Andersen: A different take on motorized bikes
Skies were dark and threatening on Memorial Day when I gathered with local veterans at Courthouse Plaza in Aspen. After making a short speech about my Huts for Vets program and enjoying a community lunch hosted by the Elks Club, I jumped on my bike to try to beat the storm to Basalt.
With light rain pattering down, I stepped up my pace, flying down the Rio Grande as I have so often done during offseasons, with the entire trail to myself. Near the Woody Creek Tavern, I saw a rider in front who had slowed for a road crossing.
As I rolled up, I noticed something protruding from the rider’s bike seat. It was a pair of skis, with boots fastened in the bindings, ski poles sandwiched between the skis.
“You certainly deserve style points for that rig,” I said as I rode up even with a woman I immediately recognized as Lisa Dawson, who earned my instant respect for schlepping skis on her mountain bike.
Then I noticed her bike, a pedal-assisted electric bike — the newest e-bike — in this case, a Haibike. I said a friendly hello, but inside I cringed as I drew an immediate boundary of judgment against motorized bicycles.
I’ve known Lisa and her husband, Lou, for decades. While Lou and I differ in small degree on backcountry motorized access, it’s never been a source of tension. Lou and I are the same age, and having lived in Crested Butte and Aspen, we share a deep love for the Elk Range. We have thrived in the mountains, from our formative youths to current senior-citizen status.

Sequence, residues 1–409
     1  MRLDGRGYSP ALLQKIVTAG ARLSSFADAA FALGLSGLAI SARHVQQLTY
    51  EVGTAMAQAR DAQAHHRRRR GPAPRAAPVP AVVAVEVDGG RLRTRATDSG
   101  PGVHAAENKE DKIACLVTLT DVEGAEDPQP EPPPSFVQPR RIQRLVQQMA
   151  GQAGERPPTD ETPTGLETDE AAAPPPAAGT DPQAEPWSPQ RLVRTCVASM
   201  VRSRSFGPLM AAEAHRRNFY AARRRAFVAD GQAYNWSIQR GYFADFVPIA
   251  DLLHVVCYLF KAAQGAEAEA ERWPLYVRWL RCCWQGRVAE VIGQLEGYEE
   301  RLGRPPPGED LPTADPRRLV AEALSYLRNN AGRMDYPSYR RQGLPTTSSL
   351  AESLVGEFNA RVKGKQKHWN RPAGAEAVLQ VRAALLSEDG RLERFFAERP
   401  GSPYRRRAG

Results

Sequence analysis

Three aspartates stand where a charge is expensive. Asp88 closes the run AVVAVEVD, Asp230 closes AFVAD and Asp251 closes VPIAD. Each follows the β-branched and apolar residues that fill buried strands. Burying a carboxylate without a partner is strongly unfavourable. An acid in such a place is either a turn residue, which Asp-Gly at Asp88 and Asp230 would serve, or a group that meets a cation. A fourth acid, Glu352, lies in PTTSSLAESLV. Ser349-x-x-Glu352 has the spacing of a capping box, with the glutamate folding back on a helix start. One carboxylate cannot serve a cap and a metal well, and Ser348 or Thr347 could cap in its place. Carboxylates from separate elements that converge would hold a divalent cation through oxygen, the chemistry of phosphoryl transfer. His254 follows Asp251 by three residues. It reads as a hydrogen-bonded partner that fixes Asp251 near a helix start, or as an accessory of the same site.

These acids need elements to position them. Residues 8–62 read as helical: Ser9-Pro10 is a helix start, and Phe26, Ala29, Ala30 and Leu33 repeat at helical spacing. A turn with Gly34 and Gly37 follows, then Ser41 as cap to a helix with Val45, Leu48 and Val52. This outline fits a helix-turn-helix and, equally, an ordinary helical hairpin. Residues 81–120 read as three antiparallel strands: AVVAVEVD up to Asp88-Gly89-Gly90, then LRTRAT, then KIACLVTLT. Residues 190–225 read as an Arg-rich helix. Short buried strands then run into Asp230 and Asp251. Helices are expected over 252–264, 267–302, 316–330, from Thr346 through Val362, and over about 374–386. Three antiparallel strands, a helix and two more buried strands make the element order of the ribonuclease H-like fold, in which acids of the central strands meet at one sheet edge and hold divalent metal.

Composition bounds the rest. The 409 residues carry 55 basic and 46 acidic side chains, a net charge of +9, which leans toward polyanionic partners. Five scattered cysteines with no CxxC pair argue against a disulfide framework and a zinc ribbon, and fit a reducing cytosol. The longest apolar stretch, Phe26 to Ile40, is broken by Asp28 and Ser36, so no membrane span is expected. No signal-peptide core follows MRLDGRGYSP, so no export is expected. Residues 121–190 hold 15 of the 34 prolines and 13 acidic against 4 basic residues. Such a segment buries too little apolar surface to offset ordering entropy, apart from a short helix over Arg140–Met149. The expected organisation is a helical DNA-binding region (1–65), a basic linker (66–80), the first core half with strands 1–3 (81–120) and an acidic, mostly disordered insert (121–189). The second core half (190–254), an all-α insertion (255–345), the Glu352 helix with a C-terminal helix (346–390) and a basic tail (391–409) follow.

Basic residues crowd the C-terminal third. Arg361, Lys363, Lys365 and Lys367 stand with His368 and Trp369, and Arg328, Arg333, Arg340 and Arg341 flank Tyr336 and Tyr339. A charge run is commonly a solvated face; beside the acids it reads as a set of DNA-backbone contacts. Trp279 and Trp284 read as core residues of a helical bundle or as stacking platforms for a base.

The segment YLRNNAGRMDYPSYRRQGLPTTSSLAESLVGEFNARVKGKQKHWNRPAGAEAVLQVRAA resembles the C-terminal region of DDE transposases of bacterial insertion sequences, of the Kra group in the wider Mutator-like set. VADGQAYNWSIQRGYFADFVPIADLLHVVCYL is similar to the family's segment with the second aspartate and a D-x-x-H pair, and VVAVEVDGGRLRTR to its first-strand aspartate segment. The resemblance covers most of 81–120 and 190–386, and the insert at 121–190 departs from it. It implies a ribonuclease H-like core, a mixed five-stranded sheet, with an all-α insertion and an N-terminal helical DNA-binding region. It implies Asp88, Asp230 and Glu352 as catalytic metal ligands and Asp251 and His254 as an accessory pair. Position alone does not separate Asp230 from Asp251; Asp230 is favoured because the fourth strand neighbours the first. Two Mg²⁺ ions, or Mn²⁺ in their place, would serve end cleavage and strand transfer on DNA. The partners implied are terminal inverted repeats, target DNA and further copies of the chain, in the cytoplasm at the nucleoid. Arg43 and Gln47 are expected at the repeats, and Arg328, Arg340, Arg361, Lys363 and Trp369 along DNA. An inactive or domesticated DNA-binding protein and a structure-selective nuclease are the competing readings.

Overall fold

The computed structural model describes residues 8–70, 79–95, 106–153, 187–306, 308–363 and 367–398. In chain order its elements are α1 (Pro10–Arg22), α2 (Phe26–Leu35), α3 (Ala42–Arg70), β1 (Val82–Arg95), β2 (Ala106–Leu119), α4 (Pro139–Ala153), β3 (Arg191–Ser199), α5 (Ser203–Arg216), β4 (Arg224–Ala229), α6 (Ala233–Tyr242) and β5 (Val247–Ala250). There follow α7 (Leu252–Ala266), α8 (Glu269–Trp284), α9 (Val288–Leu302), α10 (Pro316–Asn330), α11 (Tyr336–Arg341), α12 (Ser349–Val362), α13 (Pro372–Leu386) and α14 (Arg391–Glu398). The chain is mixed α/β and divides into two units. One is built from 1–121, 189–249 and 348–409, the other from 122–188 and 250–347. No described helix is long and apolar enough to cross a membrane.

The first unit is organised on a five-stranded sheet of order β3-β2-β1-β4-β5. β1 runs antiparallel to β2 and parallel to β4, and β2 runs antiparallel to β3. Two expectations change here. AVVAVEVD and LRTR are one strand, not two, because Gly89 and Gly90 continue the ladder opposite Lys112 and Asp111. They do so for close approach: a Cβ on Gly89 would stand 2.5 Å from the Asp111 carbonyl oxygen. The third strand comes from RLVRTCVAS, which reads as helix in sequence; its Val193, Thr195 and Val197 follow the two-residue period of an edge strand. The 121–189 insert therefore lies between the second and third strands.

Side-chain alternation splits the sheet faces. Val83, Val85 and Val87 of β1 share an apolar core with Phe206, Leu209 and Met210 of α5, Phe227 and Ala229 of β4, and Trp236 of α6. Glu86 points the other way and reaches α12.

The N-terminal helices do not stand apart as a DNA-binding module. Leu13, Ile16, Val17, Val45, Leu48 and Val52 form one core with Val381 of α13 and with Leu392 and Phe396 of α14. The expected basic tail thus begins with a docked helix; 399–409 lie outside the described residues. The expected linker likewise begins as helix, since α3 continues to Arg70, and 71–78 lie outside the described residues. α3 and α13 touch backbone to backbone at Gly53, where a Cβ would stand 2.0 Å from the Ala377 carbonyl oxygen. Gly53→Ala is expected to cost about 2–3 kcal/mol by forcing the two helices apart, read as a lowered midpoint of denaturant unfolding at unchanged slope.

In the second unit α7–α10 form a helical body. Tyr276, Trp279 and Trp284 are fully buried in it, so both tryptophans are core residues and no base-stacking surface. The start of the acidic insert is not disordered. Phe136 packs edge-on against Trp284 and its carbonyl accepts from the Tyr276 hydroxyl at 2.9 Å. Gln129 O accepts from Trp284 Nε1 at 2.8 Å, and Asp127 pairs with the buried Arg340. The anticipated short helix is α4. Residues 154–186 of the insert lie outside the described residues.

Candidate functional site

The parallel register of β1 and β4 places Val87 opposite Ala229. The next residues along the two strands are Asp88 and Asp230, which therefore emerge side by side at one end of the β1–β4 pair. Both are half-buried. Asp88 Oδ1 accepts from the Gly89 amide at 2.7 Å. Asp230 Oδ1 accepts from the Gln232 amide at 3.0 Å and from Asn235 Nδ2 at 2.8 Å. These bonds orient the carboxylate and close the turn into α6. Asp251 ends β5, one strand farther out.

Lisa explained that she and Lou had just skied Grizzly Peak. They had used e-bikes to carry them and their skis up the rough jeep road of Lincoln Creek to where the snow began. Lou was writing a review on the bikes for his Wild Snow website.
“It was so easy to ride,” said Lisa, who said she was testing the battery on the long ride back to Carbondale. “Lou said it’s like being 25 and having a tailwind. Have you tried an e-bike?”
“I don’t dare,” I said. “It would spoil me from riding this.” I gestured at my conventional bike. What I didn’t say was that I felt that a motorized bike would compromise my approach to cycling as a means of human-powered mobility.
Lisa and I chatted amiably, and then I dropped back, saying I wanted a slower pace. What I needed was time to digest some conflicting ideas — like the emerging notion that motor-assist bikes are a technological advance that will change the way people get around.
Having recently bike toured in Europe, the noise and pollution of mopeds and scooters was fresh in my mind. An e-bike revolution in Europe, where I had seen many electric bikes, could reduce that.
I thought about e-bikes as a commuter vehicle that could offset gas and oil consumption with a quiet, active alternative fueled ideally by sun, wind and water. I thought about the millions of people who deign traditional bikes because of physical effort but who could find the perfect compromise between a bike and a motorcycle on an e-bike.
I caught up with Lisa, confessed my initial judgment and then shared my new thoughts: Using an e-bike to access backcountry skiing was a smart use of a clean, efficient technology that will reshape the bike world.
I know many riders who spend thousands of dollars shaving ounces off their bikes so they’re easier to ride. There is an aesthetic to lightweight tech, with the goal of faster and easier self-propulsion. Whether that comes solely from one’s legs or with a motor assist, the result is the same — forward motion on a quiet, two-wheeled ride. As one e-bike manufacturer states: “It’s still you — only faster.”
The Dawsons have pioneered a novel backcountry approach that incorporates bikes and skis with an innovative technology of the lowest impact. I suddenly saw the future of cycling and recognized its limitless applications.
Paul Andersen’s column appears on Mondays when he’s not studying product reviews on e-bikes — priced up to $5,800. He may be reached at firstname.lastname@example.org.
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